So, and so far you haven't been focusing on any outbound sales or any of that, right? It's just, you know, a bunch of leads coming in through your viral loop, and then you're trying to selectively pick a bunch of them and, you know, go after them. Is that how it'sBrendan Weitz:
Yeah. I mean, yeah, candidly, we could probably grow a lot faster if we did outbound sales, but I think you, I mean, it's, it's time will tell if we're, we're doing the right thing. Um, I think that for us. We, like I said, live and die by the product. And if you're going to truly be a product led growth company, and that's your go to market motion, you can't force it with top down sales. Like you, you really should just pick one. Uh,Upendra Varma:
you doing with all of those, you know, uh, non aligned leads, right? So somebody from, let's say a HR team trying to use your product for something, right? So are you literally leaving them around and you're just saying, okay, we don't really care about you as of today. Is that what you're doing?Brendan Weitz:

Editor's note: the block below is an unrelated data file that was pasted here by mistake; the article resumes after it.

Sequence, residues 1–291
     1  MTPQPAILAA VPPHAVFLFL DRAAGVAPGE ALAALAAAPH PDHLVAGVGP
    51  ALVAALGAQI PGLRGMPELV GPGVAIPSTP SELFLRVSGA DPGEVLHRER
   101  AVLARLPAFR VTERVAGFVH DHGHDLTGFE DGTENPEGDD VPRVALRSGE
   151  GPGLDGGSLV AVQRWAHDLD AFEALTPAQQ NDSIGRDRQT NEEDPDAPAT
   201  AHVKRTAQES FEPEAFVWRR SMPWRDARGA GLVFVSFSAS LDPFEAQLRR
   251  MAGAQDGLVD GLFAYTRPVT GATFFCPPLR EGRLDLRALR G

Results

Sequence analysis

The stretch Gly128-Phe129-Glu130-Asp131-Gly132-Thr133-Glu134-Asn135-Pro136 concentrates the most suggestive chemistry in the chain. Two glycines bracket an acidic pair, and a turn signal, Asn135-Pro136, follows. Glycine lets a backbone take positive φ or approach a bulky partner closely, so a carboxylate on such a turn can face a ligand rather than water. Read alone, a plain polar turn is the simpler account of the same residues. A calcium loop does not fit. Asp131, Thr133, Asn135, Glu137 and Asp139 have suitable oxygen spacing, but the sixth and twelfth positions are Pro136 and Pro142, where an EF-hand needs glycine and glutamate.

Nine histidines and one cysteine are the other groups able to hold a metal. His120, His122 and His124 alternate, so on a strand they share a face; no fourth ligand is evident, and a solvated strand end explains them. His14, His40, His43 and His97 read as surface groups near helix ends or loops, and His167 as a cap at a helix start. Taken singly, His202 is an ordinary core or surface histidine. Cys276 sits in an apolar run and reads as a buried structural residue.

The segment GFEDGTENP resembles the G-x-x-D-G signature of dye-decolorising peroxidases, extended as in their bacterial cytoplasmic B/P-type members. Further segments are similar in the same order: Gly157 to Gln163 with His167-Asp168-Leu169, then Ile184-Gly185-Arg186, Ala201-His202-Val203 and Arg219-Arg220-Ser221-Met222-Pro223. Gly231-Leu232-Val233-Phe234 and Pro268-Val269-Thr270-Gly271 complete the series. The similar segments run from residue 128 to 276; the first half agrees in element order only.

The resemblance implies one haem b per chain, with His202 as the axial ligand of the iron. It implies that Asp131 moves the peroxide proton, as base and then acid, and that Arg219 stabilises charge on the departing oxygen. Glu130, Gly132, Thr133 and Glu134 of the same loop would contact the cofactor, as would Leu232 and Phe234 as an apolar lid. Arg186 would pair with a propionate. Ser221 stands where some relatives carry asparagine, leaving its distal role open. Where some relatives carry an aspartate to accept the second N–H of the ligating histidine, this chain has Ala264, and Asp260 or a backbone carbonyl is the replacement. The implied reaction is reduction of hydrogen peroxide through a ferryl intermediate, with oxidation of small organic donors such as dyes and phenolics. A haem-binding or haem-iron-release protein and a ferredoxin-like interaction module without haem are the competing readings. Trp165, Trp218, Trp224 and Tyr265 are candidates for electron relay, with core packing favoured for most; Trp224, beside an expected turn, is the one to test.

yeah. It's a great question. I mean, I wouldn't say like we have. You know, once again, I hope it's helpful. We have hopefully helpful content for every type of persona, whether you're a salesperson, you're a marketer, you're a customer success, you're in recruiting, you're in, um, you're, you're a venture capitalist and you're fundraising, or you're a founder and you're fundraising. We have helpful content about how you can use journey for these different use cases. Um, but just the, the, it's not worth it to us from a revenue standpoint to like focus on those users. So we just try to convert them self serve entirely, like you can pay monthly orUpendra Varma:
Yeah. It makes, makes a lot of sense actually. Yeah. So, all right. So Brendan, let's just talk about the team here. Right. So how, how big is your team and what are they doing?Brendan Weitz:
Yeah, we're a team of nine, three co founders, three engineers, two design, one customer success, fully remote in crazily enough, like five, four or five different timeUpendra Varma:
Got it. And have you raised any external funding so far to build your company?Brendan Weitz:
Yes. We raised 4 million or a little over 4 million, uh, in 2021.Upendra Varma:
Got it. All right, Brendan. Uh, thanks for taking the time to talk to me. Hope you scale journey to much, much greater heights.Brendan Weitz:
Yeah. Thank you so much. Thanks for having me.